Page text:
Improving workplace mental health as a public sector employee

I decided to write this blog a long time ago now, but never really found the time to give it the attention it deserved.  However, as it’s World Mental Health day I thought what better reason to finish it off and try to promote some of the things we have been doing, in an effort to inspire and maybe help other people do the same.

My Story

In life I would like to think I am generally a positive person and as such I never really took an interest in mental health or areas connected to it.  I’ve been very lucky in my life to have a job I love (I’m an ICT Technical Specialist in Local Government), where I get up in the morning and look forward to going to work and facing the day optimistically, no matter how hard it got.  In fact I’ve always thought I coped well under pressure and I handled stress well.

However, this year something changed.  This year I’ve had to deal with a lot, my car was written off when someone drove into me, the car I replaced it with broke down three days after buying it, I suffered with a serious health issue that went un-diagnosed for a long time and led to me being off my feet for nearly a month, and there were big changes at work which meant there was a huge drop in the morale of the team, along with stresses at home.   These things together were very difficult to deal with, but then out of the blue my relationship ended and part of me thought I couldn’t take any more.

Work was no longer the place I looked forward to, I had no desire to be there and no motivation.  I even realised that during the time I was ill I had no real recollection of what was going on around me, because it was at the point my mental state began to change.  This was one/if not the lowest points i’d every felt in my life, i’d entered a very dark place.  But i wasn’t determined to let it stop me and carried on as if everything was normal, even though deep down I knew it wasn’t having considered that I was suffering from depression.  However, this desire to carry on just made things worse, as it was too hard to be the happy optimistic person people knew me to be when i just wasn’t.

In the end I went in to work and told my boss how I was feeling.   I explained things had become too difficult and I couldn’t cope being in the office, and that it was in fact the last place I wanted to be.  I told them I had no motivation, and couldn’t focus on work properly and that these things were making it worse, because I knew that wasn’t normally the person I knew myself to be.  As a result of that conversation we agreed I was to have two weeks leave, even though it was 100% convenient for work but if that’s what it took for me to recover then so be it.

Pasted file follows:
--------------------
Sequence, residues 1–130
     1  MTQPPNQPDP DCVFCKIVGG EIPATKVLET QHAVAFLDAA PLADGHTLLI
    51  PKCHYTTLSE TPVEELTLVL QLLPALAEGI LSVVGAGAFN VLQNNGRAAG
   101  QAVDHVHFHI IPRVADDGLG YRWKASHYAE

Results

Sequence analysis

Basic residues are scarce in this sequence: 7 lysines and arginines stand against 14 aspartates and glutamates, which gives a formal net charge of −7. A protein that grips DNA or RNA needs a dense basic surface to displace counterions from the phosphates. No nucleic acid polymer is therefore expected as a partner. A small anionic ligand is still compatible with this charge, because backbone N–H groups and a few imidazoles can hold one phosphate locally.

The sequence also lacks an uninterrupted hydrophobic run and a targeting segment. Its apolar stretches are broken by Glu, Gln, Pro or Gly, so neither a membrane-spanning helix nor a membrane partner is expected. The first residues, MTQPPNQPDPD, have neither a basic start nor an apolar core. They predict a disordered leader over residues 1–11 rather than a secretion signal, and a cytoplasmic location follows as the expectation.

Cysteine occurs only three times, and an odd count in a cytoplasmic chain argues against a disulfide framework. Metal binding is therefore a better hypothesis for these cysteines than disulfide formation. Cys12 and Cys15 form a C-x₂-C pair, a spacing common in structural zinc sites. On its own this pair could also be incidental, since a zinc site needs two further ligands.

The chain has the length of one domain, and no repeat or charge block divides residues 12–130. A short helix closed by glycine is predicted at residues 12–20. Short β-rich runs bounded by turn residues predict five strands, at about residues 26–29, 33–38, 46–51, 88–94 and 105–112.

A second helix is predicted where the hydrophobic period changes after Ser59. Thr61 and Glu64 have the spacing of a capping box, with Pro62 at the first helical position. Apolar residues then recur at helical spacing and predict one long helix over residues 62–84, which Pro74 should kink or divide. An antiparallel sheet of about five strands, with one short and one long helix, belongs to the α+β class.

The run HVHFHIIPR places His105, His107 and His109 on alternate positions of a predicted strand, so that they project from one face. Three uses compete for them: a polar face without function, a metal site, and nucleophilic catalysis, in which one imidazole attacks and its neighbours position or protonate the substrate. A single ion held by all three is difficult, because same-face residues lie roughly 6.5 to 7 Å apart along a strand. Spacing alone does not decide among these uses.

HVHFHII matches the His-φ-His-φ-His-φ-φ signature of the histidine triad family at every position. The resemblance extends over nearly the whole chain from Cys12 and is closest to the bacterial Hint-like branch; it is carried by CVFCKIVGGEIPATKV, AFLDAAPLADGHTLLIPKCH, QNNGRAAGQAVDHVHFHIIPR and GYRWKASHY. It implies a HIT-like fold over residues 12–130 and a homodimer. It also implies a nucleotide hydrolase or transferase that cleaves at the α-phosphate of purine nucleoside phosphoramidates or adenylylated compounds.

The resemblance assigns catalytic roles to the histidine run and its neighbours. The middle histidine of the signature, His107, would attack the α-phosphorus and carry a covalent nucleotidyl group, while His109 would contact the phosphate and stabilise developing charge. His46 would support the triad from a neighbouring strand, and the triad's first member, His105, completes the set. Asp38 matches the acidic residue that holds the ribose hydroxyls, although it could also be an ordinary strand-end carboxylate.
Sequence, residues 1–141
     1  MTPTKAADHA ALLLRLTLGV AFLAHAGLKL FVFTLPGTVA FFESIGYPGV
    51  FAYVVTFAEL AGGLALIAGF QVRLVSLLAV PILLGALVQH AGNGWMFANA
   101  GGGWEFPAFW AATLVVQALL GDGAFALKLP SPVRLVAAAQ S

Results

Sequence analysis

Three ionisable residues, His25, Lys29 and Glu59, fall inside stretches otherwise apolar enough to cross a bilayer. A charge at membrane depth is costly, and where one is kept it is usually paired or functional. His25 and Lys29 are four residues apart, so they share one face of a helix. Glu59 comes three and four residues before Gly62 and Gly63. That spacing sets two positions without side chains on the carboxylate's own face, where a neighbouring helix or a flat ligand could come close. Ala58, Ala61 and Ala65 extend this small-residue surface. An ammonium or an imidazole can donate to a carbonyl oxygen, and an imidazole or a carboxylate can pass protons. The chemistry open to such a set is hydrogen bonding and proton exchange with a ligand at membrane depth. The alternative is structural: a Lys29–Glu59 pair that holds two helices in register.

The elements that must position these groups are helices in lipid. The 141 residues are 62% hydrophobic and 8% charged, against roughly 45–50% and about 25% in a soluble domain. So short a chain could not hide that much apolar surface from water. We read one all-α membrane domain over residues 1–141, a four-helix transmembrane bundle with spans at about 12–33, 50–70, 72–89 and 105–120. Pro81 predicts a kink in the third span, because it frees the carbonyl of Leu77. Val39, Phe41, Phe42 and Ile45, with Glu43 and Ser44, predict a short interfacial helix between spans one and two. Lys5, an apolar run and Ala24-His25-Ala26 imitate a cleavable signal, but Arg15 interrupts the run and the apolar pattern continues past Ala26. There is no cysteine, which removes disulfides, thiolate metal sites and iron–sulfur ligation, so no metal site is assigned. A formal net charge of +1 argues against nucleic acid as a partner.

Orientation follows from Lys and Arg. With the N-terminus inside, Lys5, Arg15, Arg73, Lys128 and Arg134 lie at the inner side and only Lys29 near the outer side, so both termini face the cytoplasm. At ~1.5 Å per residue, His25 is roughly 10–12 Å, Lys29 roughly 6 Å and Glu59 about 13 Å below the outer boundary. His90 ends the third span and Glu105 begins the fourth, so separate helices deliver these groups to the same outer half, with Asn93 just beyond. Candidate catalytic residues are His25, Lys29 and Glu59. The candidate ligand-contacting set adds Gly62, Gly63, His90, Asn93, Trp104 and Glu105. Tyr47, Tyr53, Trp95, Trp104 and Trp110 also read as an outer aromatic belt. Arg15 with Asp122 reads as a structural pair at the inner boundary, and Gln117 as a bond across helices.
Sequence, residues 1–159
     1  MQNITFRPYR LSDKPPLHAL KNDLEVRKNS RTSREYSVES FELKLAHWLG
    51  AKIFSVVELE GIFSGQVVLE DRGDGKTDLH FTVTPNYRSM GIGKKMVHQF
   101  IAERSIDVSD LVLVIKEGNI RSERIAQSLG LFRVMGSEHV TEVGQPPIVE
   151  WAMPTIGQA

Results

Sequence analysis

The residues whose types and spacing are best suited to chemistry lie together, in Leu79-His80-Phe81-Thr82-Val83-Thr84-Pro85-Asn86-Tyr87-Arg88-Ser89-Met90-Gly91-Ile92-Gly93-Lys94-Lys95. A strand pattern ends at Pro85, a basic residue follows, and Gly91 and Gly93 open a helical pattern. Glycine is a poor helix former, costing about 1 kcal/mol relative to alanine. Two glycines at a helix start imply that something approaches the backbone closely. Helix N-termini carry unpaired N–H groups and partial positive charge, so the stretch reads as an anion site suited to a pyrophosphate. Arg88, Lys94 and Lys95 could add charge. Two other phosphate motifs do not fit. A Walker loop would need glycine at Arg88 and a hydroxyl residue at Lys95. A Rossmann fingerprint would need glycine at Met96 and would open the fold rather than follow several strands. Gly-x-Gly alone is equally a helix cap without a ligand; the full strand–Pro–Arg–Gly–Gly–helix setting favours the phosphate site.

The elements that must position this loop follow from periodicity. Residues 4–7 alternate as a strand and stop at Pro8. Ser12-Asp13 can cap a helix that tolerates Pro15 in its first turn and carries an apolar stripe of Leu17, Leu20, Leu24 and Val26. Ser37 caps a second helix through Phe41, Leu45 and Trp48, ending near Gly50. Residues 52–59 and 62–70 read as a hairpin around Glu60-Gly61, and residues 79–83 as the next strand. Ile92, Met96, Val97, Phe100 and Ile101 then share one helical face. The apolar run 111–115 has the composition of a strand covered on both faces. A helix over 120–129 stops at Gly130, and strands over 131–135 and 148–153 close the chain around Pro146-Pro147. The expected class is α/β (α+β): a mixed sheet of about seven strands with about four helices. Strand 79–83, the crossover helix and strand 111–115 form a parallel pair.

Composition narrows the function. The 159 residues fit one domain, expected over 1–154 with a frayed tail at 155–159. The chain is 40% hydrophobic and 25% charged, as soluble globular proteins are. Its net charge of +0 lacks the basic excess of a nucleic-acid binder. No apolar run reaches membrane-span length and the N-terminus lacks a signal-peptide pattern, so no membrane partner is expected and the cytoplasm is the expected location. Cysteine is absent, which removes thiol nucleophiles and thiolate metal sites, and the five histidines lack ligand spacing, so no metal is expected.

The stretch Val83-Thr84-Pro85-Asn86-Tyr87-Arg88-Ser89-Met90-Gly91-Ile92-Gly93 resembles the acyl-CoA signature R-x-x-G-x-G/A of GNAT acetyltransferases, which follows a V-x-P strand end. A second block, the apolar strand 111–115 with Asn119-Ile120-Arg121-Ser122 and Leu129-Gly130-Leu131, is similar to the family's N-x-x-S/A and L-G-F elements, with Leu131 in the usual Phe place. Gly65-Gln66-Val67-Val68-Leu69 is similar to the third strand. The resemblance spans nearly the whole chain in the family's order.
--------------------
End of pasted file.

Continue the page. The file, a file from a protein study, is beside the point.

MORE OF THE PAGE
I used that time to get away, and it was the best decision I made.  It allowed me to put things into perspective and by the end I started to feel like myself again.  Not only this it allowed me to see the good things that had happened this year, and gave me the clarity to see just how important looking after your mental health at work actually is.  I wouldn’t say i was 100% better, but i’m definitely 90% of the way there.

Now I realise it’s not as easy as that for everyone, and an article today by the Guardian has some very alarming figures about work place mental health  – We need mental health support at work – and every employer should commit to it.  Considering how much time we spend at work it’s important we make changes to improve things.

Work Story

I mentioned further up that there had been changes at work, and if you’ve been following the news on local governments you’ll probably understand what type of changes.  Now the happy optimistic side of me wanted to do something to make things better at work and try and improve morale and general team spirit.

Now local governments aren’t generally known for there out of the box thinking to in order to improve productivity and general office morale, but as a software developer and typical girl geek i’d always been inspired by companies like; Apple, Google and Pixar, who all take very different approaches to office life and understand that coming to work should be fun.  So I thought why can’t it be like that where I work?

So at the beginning of the year, even though things were tough I started up monthly office events as a way to bring the team together and generally make things more fun.  The idea being that the event only take a couple of hours max out of your day.  Some of the things we have done so far include

  1. A paper plane contest – with winners for best design and longest flight. (Idea stolen from Pixar)
  2. A bake off – Savoury, Sweet and Free-From categories
  3. Pot Luck Lunches –  where everyone brings a dish to share, but you’re not allowed to tell people what it is.  So you could end up having the most random lunch possible

Whilst these events were initially seen as a bit of fun, it wasn’t until my time off that I realised just how important these types of events are for my own workplace mental health and the health of others.  My colleagues actively look forward to these events, and in some cases there generate more conversation between the team than some projects, and as result there have been out of work events planned as well.

Since I’ve returned from being on leave I pushed for more changes to improve things.  We are looking at projecting images on the wall to brighten up the office space, whilst also trying to inspire creativity.  We are also looking for somewhere to put a table football, that one of the team has managed to acquire for free.

There are also mental health courses that have been planned by the union, that I plan to attend to understand workplace mental health more.  It’s great to be part of these things, and see the positive effect it has on people, but this is only a small step and there’s much more that can be done.

Thanks for reading. x

 

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